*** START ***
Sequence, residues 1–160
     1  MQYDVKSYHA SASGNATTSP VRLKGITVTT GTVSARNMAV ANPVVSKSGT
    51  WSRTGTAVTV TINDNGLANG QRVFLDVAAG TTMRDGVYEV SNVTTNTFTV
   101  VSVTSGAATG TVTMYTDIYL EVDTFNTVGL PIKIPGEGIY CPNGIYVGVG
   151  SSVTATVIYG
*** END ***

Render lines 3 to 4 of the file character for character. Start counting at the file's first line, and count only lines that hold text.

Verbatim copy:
    51  WSRTGTAVTV TINDNGLANG QRVFLDVAAG TTMRDGVYEV SNVTTNTFTV
   101  VSVTSGAATG TVTMYTDIYL EVDTFNTVGL PIKIPGEGIY CPNGIYVGVG